The White House Office of Management and Budget (OMB) released new Medicaid spending projections, showing a significantly lower rate of growth. Nationally, while federal Medicare costs continue to rise dramatically and far faster than medical inflation, Medicaid spending growth has moderated considerably.

Twice each year, OMB releases its latest projections of federal revenues and expenditures. Projections are announced in February as part of the President’s proposed budget and updated in July as part of what’s called the Mid-Session Review. Falling in the middle of each year’s Congressional session, the Mid-Session Review gives Capitol Hill the Administration’s latest fiscal projections.

For Medicaid, OMB works with CMS budget staff and actuaries to update estimates of federal Medicaid spending in the current fiscal year and for the next five years. They rely heavily on spending estimates and enrollment reports prepared by state Medicaid agencies.

From FY 2002 through FY 2005, the federal share of Medicaid grew at an average annual pace of 7.2 percent. Federal Medicaid spending is now expected to grow by a modest 1.8 percent this year (FY 2006) and by 4.6 percent in FY 2007.

Compared to earlier estimates, aggregate federal spending on Medicaid is now expected to be 8 percent lower. Specifically, the new projections of federal Medicaid spending for FY 2007 through FY 2016 are $53.3 billion lower than the projections contained in the President’s 2007 Budget.

Naturally, Medicaid spending growth varies widely from state to state. However, 16 states now expect to spend less on Medicaid this year than last year. States with flat or negative Medicaid spending growth this year include Georgia, Maryland, Michigan, New Hampshire, Nevada, South Carolina, South Dakota, Texas, and Wisconsin. Medicaid spending in large states – most notably Florida and California – continues to grow but at a much lower pace.

While some of this slowed growth in the federal share of Medicaid is an artifact of the shift of prescription drug benefits for dual eligibles from Medicaid to Medicare Part D, slower spending growth is a byproduct of a variety of factors. These include improved economic conditions, cost containment initiatives, new waiver-based programs, greater use of private health plans, increased use of generic drugs, and the steady shift away from nursing homes to home and community-based programs.

As we reported earlier, CMS is considering new rules to restrict state use of provider taxes and cut back on Medicaid payments to publicly owned providers and facilities. The new OMB figures give states, provider groups, and advocates new ammunition to oppose this and other Bush Administration efforts to cut federal Medicaid spending. It also highlights the effectiveness of state-based initiatives to reform Medicaid – that is, reforms that are initiated by states themselves but with federal support and cooperation.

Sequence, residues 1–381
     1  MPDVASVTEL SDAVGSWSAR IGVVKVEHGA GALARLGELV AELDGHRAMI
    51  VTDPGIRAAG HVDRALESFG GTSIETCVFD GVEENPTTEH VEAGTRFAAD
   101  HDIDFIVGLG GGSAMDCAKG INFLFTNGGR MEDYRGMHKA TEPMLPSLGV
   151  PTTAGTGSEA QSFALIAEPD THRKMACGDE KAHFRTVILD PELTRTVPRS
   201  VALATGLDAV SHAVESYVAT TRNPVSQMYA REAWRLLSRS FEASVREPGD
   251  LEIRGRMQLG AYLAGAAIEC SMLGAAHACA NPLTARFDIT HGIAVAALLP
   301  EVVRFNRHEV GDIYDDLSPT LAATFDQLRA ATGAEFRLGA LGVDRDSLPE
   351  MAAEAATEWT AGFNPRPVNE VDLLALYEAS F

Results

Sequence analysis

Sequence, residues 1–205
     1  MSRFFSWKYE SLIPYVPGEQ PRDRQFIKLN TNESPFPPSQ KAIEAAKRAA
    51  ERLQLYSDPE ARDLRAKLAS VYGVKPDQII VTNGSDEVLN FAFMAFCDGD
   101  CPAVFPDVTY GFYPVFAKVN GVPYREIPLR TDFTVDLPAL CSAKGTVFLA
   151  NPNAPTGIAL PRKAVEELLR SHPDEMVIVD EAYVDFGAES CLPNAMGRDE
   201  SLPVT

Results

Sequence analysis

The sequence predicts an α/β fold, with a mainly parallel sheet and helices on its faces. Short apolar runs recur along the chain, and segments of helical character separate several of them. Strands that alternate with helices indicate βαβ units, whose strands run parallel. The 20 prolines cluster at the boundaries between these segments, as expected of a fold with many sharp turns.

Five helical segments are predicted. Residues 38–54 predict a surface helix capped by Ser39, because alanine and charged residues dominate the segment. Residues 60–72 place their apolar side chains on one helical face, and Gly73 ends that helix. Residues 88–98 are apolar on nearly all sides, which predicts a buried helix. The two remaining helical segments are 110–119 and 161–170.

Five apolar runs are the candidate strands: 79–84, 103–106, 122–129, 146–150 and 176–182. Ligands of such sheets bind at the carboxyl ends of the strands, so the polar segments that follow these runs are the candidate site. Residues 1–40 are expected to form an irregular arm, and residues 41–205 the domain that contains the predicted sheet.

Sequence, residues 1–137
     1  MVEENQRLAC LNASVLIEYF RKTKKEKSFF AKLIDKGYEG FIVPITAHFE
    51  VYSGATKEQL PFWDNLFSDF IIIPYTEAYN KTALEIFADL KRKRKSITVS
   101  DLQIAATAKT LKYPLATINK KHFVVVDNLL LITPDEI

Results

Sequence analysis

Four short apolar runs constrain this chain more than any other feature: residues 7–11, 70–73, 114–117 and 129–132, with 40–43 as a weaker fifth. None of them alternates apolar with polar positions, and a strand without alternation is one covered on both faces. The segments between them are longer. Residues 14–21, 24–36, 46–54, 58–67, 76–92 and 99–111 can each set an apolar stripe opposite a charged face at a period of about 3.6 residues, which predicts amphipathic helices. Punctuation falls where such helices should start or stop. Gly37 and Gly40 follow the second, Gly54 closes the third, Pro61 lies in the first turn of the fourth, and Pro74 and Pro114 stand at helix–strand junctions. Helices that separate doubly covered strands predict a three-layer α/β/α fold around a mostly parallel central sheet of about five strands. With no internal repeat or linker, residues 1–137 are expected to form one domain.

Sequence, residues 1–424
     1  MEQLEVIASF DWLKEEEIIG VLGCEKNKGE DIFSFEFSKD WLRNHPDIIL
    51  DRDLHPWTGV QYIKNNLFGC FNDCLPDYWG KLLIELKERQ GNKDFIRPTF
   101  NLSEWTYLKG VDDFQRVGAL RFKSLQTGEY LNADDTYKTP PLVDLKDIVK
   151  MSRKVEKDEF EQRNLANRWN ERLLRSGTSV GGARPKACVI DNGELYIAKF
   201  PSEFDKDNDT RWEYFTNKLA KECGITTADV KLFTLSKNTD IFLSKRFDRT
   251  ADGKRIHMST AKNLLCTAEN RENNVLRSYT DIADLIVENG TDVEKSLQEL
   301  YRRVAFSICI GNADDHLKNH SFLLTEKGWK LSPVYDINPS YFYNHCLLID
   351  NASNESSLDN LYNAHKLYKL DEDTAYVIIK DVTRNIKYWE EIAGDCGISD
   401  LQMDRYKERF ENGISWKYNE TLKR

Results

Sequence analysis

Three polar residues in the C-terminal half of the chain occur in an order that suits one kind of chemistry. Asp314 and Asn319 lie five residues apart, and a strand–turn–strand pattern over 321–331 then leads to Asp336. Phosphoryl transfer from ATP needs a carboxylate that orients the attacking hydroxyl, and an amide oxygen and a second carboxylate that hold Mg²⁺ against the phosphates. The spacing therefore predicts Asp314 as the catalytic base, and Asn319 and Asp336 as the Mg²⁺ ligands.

While OMB’s new Medicaid projections are good news for states and the feds, the new Medicare projections show faster spending growth in Medicare Part A and Part B. The five-year cost estimate for Medicare Part A (inpatient hospital and post-acute care) is $17 billion higher. The five-year cost estimate for Medicare Part B (physician and other outpatient services) is $30 billion higher. The jump in Medicare Part A and Part B growth rates are largely attributable to rapid increases in per capita use of services.

However, because of stiff price competition among drug plans and a slower than expected sign-up rate, the five-year cost estimate for Medicare Part D is $34 billion lower than the projections last February. For FY 2006 through FY 2016, the projected cost of the new Medicare drug benefit is $76 billion lower.

Medicare’s high growth rate increases pressure on Congress and the White House to reform Part A and Part B. In addition to putting greater pressure on the federal budget, higher Medicare costs also mean big, politically tough jumps in beneficiary cost sharing (e.g., the 11% increase in Part B premiums for 2007). And of course, state Medicaid programs are on the hook to pay for Medicare cost sharing for dual eligibles and other low-income Medicare beneficiaries. Bottom line: because so much of state Medicaid budgets are now driven by the health care costs of dual eligibles, higher Medicare costs and utilization can increase state Medicaid costs.

For better or worse, a byproduct of Medicare’s problems may be to divert attention from Medicaid inside the Beltway. However, federal money is fungible (especially in the hunt for budget savings) and states continue to press for greater flexibility. For many on Capitol Hill and in the Bush Administration, fiscal frustrations with Medicare are part of larger frustrations with federal entitlements. So even with slow growth in the near-term, Medicaid remains in the spotlight.